Sinéad O’Connor knows exactly who she is

Rememberings is the story of a pop star, protest singer, and prophet.
September 9, 2021

I was 16 years old in October 1992, when Sinéad O’Connor appeared on the stage of Saturday Night Live wearing a white lace gown reminiscent of the type Catholic girls wear at our first communions, sang Bob Marley’s “War” a capella, and then tore up a picture of Pope John Paul II while yelling, “Fight the real enemy,” leaving the audience in stunned silence. I was horrified. I also couldn’t help but feel the same kind of admiring awe I might feel for a classmate who yells the f-word during a school mass. Still, I’d always thought of the pope as a kindly Polish grandfather. I couldn’t imagine what he’d done to provoke such a response.

Watching the clip nearly 30 years later, knowing what I know about child sexual abuse in the Catholic Church and John Paul II’s complicity in protecting abusive clergy, I feel it should have been clear enough what O’Connor was protesting by the way she substituted “child abuse” and “children” in place of the original lyrics. But her rage was not just institutional, it was also personal. The photo she tore to pieces had hung on her dead mother’s bedroom wall. “It represented lies and liars and abuse,” she writes in her memoir, Rememberings, and the abuse she was protesting was, in large part, her own.

Rememberings builds toward that pivotal moment in her early career, so by the time we reach it, we know the horrors she experienced at the hands of her mentally ill mother, who often made her strip naked and then beat her with a broomstick. She also locked her in her room, left her home alone, and starved her. At age 14, O’Connor was sent to An Grianán, an Irish institution for troubled girls adjacent to the notorious Magdalene laundries for “fallen women,” where she taught herself to play guitar.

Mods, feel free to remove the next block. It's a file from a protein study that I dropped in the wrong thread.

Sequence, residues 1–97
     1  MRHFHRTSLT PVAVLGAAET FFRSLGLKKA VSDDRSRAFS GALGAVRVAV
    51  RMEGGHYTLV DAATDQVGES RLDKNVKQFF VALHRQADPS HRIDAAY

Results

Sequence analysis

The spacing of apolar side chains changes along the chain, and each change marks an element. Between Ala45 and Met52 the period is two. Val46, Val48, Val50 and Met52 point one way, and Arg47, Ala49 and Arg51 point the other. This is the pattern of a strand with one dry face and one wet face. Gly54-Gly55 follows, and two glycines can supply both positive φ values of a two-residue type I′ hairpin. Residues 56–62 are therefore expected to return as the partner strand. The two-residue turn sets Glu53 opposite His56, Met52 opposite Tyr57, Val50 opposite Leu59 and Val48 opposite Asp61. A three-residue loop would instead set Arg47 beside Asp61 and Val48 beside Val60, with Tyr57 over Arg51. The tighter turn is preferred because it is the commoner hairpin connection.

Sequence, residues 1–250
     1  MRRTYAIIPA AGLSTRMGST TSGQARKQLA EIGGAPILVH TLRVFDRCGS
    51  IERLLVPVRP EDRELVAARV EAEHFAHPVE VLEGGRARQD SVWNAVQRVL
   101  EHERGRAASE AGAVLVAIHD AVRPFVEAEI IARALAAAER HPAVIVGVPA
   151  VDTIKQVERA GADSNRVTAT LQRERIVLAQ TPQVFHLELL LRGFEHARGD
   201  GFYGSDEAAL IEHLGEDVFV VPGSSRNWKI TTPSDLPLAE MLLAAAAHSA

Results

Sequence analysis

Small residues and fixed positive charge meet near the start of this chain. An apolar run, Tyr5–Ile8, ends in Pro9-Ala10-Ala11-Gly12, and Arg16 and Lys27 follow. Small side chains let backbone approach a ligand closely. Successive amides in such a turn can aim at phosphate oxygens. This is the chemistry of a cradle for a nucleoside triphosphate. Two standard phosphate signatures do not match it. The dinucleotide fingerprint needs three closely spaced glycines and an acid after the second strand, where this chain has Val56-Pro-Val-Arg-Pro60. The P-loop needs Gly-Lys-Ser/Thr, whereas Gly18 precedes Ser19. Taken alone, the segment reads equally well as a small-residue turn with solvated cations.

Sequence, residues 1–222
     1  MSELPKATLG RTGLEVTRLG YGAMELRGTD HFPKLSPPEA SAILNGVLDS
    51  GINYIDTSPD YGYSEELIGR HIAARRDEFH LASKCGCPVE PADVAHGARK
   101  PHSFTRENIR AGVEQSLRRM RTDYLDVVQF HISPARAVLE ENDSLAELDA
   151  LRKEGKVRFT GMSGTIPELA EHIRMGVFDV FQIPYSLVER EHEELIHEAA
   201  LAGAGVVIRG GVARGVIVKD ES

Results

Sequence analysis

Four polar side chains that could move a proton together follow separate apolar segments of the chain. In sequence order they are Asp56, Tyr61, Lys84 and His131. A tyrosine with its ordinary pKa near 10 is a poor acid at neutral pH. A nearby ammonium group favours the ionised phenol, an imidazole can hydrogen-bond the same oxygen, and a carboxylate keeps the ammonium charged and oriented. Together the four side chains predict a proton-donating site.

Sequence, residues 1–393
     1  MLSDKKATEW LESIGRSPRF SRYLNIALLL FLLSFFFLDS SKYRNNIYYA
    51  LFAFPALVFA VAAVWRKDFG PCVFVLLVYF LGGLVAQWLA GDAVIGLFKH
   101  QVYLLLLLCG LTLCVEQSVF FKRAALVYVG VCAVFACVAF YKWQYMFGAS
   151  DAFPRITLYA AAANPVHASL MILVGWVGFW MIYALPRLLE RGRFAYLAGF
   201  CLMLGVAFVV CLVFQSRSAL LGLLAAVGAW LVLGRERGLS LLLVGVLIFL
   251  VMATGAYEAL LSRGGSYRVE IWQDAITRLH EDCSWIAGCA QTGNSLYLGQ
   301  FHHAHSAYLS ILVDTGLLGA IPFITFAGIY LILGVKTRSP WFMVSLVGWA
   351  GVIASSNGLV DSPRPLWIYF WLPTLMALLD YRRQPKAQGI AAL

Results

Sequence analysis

When her mother died, O’Connor took the photo from the bedroom wall and carried it with her everywhere she went, always intending to destroy it in an act of public protest. In hindsight, it’s chilling to revisit the shame and insults heaped on O’Connor after she did so, including public threats of physical violence made by no less a cultural Catholic icon than Frank Sinatra—unimaginable in the Me Too era. But in the early ’90s, a woman speaking boldly against institutional and personal violations was branded “crazy” and swept out of the spotlight secured for her by a Grammy-winning album and a number-one hit, a version of Prince’s “Nothing Compares 2 U.” When she walks backstage after the SNL performance, “all doors have closed.” Literally. People hide from her.

And that should have been the end of her career. She went from chart-topping star to show biz pariah overnight. But those of us who were captivated by her persona and her singular voice—and impressed by her obvious courage, even if unsure of its source or aim—followed her as she produced album after album, reinventing herself, changing her religion and even her name multiple times. The stain of SNL, and later, a very public mental health crisis, remains. It’s even the occasion for this book: O’Connor doesn’t want anyone else telling her story.

Rememberings is structured roughly as “before SNL” and “after SNL.” Still, she insists that the response to her protest put her back on the right track: “Everyone wants a pop star,” she writes, “but I’m a protest singer.”